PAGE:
Fake it ‘til you make it: faux meat and climate change

no-meat-pictureIf it tastes like a burger, and bleeds like a burger, it must be . . . plant-based protein?

At least that’s the outcome fake-meat innovators like Impossible Burger are striving for: a meatless burger that captures the textures and flavors of meat to whet the appetite of even the staunchest carnivores.

In fact, the fake meat industry’s approach might be working. Whether for health, environmental, or ethical reasons, more people are tossing veggie burgers on the grill. Food giants like Tyson are taking notice: last year, Tyson bought a 5% stake in Beyond Meat. Google’s Eric Schmidt even identified plant-based proteins as the number one “game-changing” trend of the future.

The growth of the fake meat industry is good news for climate change. After all, the world’s appetite for meat drives 14.5% of total greenhouse gas emissions. According to a U.N. report, factory-farmed animals contribute more to climate change than all the world’s cars, trucks, trains, planes, and ships combined. Having each American replace chicken with plant-based foods at just one meal per week is equivalent to taking more than half a million cars off U.S. roads.

Further, feeding huge numbers of confined animals uses more food than it produces. And while some cultures may be willing to eat insects to cut the impact of livestock on our planet, this option does not seem compatible with–or palatable to–the tastes of Western nations.

The incredible impact of factory farming adds up when you take a hard look at demand. For example, Americans eat three times the recommended level of meat. Given meat’s impact on climate, eating “like an American” is beyond sustainable. “Even in doing everything we can to reduce the emissions associated with meat production, rising demand means livestock emissions would take us beyond the global objective of 2ºC,” said Rob Bailey, a research director at the think tank Chatham House. “Therefore, dietary change is a precondition for avoiding catastrophic climate change.”

Even the UN Climate Change Conferences recognize the importance of dietary change. In addition to focusing on low-carbon and free range food, COP 23 plans to serve a higher share of vegetarian and vegan food than at past sessions.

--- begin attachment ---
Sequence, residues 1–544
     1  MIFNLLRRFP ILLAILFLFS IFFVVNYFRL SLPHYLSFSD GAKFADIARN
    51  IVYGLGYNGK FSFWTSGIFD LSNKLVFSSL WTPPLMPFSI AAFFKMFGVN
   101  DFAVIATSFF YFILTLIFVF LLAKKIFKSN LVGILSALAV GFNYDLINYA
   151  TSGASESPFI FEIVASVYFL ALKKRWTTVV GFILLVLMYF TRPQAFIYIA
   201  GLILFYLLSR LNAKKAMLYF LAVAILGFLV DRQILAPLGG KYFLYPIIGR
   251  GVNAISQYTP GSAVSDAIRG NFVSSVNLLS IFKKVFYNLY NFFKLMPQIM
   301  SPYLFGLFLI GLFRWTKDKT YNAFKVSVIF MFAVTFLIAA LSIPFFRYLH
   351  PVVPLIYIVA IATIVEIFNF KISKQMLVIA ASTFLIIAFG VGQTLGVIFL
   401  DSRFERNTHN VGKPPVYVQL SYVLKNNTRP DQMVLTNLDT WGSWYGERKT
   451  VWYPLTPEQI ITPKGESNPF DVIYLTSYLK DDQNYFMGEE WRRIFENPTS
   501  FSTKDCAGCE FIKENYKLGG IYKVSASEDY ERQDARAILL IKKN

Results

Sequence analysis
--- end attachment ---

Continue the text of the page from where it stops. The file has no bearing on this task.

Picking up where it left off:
In changing people’s diets, using “nanny statism“ to tax dairy and meat products–while theoretically effective–may rub Western nations the wrong way. Given the personal choice and cultural intricacies involved in making dinner, “it is not the place of governments or civil society to intrude into people’s lives and tell them what to eat.”

But the fake meat industry might just bring home the bacon. With more and more palatable options, and the withering taboo of veggie burgers for “radical vegetarians,” free market innovation is helping carnivore nations put more plant-based foods on the table. If the fake meat industry puts out a good spread, it could spark a marked drop in greenhouse gas emissions and help feed the world along the way.

 


Land Use and Methane

As the COP negotiations increasingly look to agriculture, forestry, and other land uses as tools to mitigate and adapt to a changing climate, methanogenesis – the biological production of methane by single-celled organisms – must be taken into account. This methane production is very similar to fermentation, the process used to produce alcohol. In fermentation, when yeast is denied access to oxygen, the yeast produces alcohol as a waste product. Humans do this too when exercising, producing lactic acid (this is why your muscles burn when you are out of breath). In methanogenesis, when a certain type of bacteria is denied access to oxygen, the bacteria will produce methane as a waste product.

 

This is a serious concern to land use managers. Rice production is one of the largest human sources of methane because of the low-oxygen content of the water in submerged rice paddies. To make matters worse, as the climate warms the bacteria in rice paddies produce higher levels of methane.